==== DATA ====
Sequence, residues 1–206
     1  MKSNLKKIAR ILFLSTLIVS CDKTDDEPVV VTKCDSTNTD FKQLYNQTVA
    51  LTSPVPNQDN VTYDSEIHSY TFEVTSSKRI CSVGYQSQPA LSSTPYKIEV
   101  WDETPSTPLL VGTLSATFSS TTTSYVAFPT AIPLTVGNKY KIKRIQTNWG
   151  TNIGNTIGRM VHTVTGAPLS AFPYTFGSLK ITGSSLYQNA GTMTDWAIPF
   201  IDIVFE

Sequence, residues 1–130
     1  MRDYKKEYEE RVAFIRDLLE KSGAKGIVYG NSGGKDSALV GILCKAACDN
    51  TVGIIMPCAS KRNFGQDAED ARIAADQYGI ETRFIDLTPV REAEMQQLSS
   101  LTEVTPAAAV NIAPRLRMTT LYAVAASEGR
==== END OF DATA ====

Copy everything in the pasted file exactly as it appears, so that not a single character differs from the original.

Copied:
Sequence, residues 1–206
     1  MKSNLKKIAR ILFLSTLIVS CDKTDDEPVV VTKCDSTNTD FKQLYNQTVA
    51  LTSPVPNQDN VTYDSEIHSY TFEVTSSKRI CSVGYQSQPA LSSTPYKIEV
   101  WDETPSTPLL VGTLSATFSS TTTSYVAFPT AIPLTVGNKY KIKRIQTNWG
   151  TNIGNTIGRM VHTVTGAPLS AFPYTFGSLK ITGSSLYQNA GTMTDWAIPF
   201  IDIVFE

Sequence, residues 1–130
     1  MRDYKKEYEE RVAFIRDLLE KSGAKGIVYG NSGGKDSALV GILCKAACDN
    51  TVGIIMPCAS KRNFGQDAED ARIAADQYGI ETRFIDLTPV REAEMQQLSS
   101  LTEVTPAAAV NIAPRLRMTT LYAVAASEGR